Confession of an Industrial Romantic
Published 14th December 2009 - 3 comments - 1472 views -
I can’t possibly participate in this project about global warming and environment protection without making a confession to all those other green thinkers out there: I like industry. And before you expel me, no, I don’t mean that I like the destruction of nature and air pollution that go along with it. But I can’t deny that the immense, monumental and aesthetic image that huge industrial plants display has always impressed me. Considering all the photography and art that has surrounded urban industrial environments, I don’t seem to be alone with this perception. The main reason why I feel this way, however, probably lies in the fact that industry has been part of my entire life. I’m a child of the Ruhr district, or Ruhrpott as we call it, a large metropolitan area in the west of Germany that has risen and fallen with industrialization.
Originally an insignificant rural region, the Ruhr district developed to one of the largest urban agglomerations in Europe, comprising some five million inhabitants in several merged cities today. Rich natural reserves were the main reason why it became Germany’s centre for coal and steel production, attracting workers from all over the country and beyond. Although thousands of people found a living there, it certainly wasn’t the nicest place to live in. When my parents were young, the horizon was completely covered with chimneys, the streets covered with grime. The decline of the industrial sector in the West, especially since the 1980s, brought the decline of the region, facing high unemployment rates and shrinking populations up to this day. Since then, the cities of the Ruhr district have, with mixed success, pushed for “structural change” to the service sector and repeatedly emphasized a common goal: regional sustainability.
Looking at the Ruhr district today, although many industrial plants have disappeared by now, you can’t avoid being confronted with remnants of the past on a daily basis. Next to countless highways, railway tracks and canals, coal mines and steel factories, whether abandoned or still operational, dominate the urban picture. For precisely this reason, the stereotype of an ugly and dirty megacity is still present in many Germans’ perception of the area. Within the Ruhrpott itself, however, the attitude has significantly changed. After the humiliation of economic decline, people have found pride in their past again. An effort to promote the richness of the region’s history and diversity has given birth to a new concept, “industrial culture” (Industriekultur), and has met astonishing success in recent years. In this manner, the Ruhr district will be European Capital of Culture in 2010.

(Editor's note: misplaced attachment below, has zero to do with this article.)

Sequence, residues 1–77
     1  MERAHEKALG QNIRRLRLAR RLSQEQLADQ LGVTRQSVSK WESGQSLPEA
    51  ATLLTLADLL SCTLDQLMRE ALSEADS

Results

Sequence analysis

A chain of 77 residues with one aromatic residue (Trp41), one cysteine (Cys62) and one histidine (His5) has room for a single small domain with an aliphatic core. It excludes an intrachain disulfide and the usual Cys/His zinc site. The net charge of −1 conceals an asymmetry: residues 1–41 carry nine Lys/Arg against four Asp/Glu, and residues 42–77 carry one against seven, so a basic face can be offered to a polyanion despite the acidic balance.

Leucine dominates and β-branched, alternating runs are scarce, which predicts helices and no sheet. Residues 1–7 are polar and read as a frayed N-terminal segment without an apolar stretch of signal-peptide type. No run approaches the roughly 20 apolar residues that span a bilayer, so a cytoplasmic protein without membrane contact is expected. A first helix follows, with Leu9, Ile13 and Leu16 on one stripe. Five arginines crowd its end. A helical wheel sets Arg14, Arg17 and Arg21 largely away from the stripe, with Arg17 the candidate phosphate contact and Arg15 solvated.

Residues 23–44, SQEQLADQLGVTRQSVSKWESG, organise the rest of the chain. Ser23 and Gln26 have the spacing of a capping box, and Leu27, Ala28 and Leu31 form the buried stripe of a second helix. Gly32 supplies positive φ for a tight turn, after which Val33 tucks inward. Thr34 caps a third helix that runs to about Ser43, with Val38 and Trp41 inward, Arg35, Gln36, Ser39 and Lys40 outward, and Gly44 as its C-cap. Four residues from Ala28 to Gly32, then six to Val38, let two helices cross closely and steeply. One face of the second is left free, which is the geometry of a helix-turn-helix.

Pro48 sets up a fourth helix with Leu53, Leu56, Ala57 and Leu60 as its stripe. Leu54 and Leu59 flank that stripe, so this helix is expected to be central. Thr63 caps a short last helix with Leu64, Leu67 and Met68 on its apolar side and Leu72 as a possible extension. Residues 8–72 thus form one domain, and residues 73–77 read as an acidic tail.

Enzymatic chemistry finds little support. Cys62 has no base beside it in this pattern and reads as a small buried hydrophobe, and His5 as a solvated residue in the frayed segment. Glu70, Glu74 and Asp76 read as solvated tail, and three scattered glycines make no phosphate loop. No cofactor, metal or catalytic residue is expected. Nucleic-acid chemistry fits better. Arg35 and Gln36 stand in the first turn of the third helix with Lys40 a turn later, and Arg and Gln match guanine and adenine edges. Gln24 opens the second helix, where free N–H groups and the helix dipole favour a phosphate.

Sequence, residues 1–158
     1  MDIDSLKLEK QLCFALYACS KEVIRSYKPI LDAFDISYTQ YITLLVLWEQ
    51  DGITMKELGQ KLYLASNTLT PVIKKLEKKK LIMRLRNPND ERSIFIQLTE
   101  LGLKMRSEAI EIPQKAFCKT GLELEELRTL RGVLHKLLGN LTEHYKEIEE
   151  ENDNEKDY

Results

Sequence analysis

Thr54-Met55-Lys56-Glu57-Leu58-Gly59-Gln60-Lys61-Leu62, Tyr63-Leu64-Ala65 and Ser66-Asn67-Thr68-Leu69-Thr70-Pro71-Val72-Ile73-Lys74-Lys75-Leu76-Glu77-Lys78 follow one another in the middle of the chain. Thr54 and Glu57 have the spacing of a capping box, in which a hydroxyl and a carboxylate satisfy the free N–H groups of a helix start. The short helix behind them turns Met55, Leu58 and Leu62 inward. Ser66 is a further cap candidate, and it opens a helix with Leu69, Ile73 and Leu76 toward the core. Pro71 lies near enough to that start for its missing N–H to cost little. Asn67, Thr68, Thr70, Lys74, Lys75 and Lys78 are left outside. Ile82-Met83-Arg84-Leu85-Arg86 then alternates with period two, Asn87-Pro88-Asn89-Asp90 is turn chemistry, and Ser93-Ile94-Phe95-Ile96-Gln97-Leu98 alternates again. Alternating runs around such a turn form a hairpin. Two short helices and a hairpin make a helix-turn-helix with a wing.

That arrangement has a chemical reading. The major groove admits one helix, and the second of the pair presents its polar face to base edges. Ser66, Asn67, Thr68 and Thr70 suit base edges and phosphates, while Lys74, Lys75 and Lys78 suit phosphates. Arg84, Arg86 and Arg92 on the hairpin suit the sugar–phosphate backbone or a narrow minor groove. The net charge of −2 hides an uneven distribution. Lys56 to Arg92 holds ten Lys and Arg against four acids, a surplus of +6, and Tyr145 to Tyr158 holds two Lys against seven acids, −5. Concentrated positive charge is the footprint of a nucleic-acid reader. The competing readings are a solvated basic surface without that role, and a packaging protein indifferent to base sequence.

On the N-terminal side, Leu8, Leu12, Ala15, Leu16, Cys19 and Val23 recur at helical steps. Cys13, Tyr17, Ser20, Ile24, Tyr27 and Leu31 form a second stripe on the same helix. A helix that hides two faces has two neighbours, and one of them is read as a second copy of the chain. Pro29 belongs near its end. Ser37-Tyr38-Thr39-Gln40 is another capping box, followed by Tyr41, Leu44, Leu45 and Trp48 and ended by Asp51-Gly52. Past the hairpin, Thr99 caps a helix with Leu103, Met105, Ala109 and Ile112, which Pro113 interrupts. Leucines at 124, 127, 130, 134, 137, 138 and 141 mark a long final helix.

Why am I telling you all this? – Well, first of all, I’m a local patriot. But besides that, I think that the example of the Ruhr district shows two important things. Firstly, industry, despite all its negative sides, may actually enrich some regions in their historical and cultural heritage. Secondly, an industrial past does not have to doom regions for their future development. There are ways out, ways to more sustainability. Those plants that are still operational in the Ruhr district, including those of the famous steel producer ThyssenKrupp (if you haven’t heard of them, I’m sure, that you’ve stood on one of their escalators before), belong to the cleanest in the world. So forgive me if I get sentimental in the face of huge industrial sites in front of a sunset. It’s part of my identity. And maybe, if you come by for a visit some time, you will understand the meaning of what we call “industrial romance”.
View from Alsum Hill on ThyssenKrupp's Coke Oven Schwelgern in Duisburg-Bruckhausen
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